Hmm, what a crazy week of unexpectedness, so just because I vented on the last one I thought I’d get more informative this time around as things seem to be changing by the minute right now…
Minor Adoption Update (Wheels Turning)
Our agency is speedy. We love the couple who run the place. They are so real and funny and caring. Anyhow, we paid our second big check ($9,000 – gulp! Thank goodness for credit card checks so we could get miles from this!!) to them when the approval came in last week and today we went in and signed a few more forms, she notarized them, and tomorrow I’m off to Salem to get them certified. Yep – certified that they are notarized. Gotta love bureaucracy! (I think the director’s quote was “it’s not bureaucracy, it’s stupidity!” which gave us a good laugh). Boy I’m grateful to have a Zipcar nearby to drive it down there as my membership has been all too utilized between the trips across town to them and the fertility clinic (both which are not easily accessed by public transport.).
But anyhow, once I get this certified, they’ll be sending the whole packet off to Ethiopia. The estimated turnaround time was 4 weeks, so 1 week is pretty cool for us!!! Every week counts in this hella long process 🙂
Realistically speaking though, this is the beginning of a tough time in the adoption process – the wait. All this year, the turnaround times were not terrible, as we did our multitude of background checks, home study & interview, USCIS applications, etc. all in the past 5 months. So this next step there will be nothing to check online for, to schedule, just a long ass waiting game. Like our social worker at the agency said, you have to mentally prepare yourself for this stage because it’s going to be a very long haul.
My Body is it’s Own Roadblock – Well That’s Just Great.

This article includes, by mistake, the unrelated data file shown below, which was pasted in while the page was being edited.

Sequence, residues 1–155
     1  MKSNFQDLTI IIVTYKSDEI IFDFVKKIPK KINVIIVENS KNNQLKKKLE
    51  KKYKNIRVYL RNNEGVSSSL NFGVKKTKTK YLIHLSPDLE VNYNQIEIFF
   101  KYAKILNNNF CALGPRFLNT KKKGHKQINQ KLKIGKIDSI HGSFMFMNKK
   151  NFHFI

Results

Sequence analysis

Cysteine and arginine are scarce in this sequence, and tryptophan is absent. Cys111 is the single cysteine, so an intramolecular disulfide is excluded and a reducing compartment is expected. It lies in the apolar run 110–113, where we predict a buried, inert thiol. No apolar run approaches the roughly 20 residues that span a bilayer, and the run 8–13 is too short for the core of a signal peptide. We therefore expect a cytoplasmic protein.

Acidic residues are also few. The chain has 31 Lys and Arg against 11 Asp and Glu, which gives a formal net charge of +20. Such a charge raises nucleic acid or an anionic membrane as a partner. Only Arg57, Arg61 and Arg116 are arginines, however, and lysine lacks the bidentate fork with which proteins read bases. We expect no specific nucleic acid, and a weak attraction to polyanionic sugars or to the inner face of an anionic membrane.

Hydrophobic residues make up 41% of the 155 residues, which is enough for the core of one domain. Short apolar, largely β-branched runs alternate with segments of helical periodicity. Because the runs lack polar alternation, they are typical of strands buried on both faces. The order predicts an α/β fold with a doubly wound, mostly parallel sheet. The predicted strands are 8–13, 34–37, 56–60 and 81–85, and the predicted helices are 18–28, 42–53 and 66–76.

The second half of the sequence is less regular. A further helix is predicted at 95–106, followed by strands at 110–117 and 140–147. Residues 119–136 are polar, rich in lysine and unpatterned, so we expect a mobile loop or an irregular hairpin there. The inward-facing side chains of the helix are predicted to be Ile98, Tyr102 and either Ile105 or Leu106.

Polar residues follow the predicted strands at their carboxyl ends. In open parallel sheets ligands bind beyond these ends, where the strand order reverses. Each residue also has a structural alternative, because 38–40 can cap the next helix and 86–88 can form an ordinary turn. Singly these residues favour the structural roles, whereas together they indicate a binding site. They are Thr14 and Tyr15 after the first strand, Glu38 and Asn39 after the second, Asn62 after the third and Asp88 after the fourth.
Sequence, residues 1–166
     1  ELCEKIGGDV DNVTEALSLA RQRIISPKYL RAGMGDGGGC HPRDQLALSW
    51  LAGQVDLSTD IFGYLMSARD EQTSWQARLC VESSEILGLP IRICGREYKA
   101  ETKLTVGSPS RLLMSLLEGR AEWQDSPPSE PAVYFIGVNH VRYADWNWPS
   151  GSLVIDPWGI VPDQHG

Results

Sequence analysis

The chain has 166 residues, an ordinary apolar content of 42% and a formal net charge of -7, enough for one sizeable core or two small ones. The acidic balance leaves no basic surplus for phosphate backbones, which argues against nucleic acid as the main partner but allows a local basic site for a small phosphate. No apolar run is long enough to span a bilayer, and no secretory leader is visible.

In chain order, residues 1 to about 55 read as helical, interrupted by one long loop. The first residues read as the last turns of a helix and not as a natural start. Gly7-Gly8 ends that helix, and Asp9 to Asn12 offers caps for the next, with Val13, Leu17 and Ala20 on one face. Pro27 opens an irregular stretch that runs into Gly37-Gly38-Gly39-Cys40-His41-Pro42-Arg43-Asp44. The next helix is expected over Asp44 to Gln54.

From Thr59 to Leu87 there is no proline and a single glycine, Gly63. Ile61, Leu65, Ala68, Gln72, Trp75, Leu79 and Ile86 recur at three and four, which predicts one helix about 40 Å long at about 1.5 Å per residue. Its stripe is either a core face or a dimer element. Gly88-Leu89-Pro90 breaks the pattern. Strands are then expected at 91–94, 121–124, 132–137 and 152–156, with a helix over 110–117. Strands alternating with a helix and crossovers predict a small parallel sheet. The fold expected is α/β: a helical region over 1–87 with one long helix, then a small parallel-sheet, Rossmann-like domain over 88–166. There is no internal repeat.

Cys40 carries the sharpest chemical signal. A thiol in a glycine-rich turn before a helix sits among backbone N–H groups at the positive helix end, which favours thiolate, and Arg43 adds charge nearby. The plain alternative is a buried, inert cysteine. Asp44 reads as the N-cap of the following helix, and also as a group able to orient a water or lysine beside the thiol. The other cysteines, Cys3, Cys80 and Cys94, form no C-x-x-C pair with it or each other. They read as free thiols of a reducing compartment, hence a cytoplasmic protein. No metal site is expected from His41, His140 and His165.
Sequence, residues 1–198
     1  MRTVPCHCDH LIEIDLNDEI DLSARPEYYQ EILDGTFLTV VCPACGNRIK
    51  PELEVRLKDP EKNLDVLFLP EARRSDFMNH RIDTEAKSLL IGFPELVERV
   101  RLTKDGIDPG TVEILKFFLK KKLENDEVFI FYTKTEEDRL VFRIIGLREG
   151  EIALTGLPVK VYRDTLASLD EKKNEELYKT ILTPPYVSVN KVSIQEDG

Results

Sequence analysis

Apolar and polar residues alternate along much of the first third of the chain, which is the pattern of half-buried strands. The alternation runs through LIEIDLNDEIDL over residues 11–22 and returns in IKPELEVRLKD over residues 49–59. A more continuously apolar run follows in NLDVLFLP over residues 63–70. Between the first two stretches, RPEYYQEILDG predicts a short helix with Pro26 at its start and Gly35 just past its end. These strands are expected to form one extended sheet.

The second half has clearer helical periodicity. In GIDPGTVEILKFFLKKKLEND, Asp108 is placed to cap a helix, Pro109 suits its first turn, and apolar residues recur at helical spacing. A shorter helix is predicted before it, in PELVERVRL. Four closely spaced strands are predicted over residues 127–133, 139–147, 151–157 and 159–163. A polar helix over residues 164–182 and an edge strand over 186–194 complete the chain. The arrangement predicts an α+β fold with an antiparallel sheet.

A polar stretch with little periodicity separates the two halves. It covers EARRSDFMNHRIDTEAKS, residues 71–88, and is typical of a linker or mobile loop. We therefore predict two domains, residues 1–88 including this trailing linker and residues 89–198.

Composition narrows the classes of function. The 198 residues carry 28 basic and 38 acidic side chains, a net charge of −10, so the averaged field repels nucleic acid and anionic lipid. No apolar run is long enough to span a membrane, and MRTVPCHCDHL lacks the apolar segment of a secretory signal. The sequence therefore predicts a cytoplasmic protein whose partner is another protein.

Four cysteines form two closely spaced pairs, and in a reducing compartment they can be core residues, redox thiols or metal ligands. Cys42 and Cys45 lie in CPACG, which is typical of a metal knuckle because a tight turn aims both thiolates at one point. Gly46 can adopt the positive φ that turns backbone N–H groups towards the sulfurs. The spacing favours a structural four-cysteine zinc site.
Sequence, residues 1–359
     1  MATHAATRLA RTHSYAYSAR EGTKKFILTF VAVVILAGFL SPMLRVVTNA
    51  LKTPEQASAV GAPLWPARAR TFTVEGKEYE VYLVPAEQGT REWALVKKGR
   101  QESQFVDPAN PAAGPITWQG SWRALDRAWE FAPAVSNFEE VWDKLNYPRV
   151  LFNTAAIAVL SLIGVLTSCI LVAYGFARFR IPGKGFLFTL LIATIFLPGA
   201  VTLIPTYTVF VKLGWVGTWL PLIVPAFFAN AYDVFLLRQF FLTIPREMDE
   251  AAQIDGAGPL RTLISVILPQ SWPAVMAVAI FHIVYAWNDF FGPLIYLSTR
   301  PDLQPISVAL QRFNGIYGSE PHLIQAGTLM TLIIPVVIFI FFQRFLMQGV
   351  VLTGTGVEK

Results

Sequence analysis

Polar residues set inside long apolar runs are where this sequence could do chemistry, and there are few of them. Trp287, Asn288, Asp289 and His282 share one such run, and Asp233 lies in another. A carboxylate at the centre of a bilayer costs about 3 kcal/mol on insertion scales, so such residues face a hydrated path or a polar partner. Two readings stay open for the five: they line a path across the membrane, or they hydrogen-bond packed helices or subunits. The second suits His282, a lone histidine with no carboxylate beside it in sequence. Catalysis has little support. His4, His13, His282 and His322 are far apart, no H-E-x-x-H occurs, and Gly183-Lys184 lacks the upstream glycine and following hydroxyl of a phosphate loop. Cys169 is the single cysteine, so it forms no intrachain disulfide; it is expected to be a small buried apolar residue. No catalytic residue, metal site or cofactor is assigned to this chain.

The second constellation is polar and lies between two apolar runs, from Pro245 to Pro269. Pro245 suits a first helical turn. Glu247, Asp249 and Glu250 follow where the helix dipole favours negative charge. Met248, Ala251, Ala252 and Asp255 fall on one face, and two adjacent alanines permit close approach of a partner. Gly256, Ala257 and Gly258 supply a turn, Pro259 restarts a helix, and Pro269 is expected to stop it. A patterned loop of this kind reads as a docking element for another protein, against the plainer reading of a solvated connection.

So today I also got on the phone with my fertility doc. First, I had some questions about potentially testing our frozen embryos, as Pre-Implantation Genetic Screening is something I learned about recently which can look at embryos and see if there are any chromosomal abnormalities, which is frequently the reason embryos don’t implant in the first place. Unfortunately, his opinion is that this is best done on fresh embryos, as frozen ones, once rethawed for the genetic testing, don’t always re-freeze well, so this option is essentially off the table for us. He is confident that out of our 12 in the freezer, at least 4 of them are rated excellent (or whatever the embryo grading system is, that stuff confuses me a bit) and he’s hopeful for us. He said because we’re only transferring one at a time, it just takes longer sometimes to get the winner implanted, and understands with our Ethiopia adoption why the potential of twins by transferring two is just not an option. (Oh and I’ve read a lot about selective reduction which I think would be GREAT if we got multiples, but I’m betting with all the God stuff on the walls of this clinic that he wouldn’t be a fan of that. And knowing me, I’d probably weasel myself into thinking I could do the twin thing. Which I probably could but don’t want to – I want to give our girl in Ethiopia just as much of a parent as whoever we might conceive here from the clinic.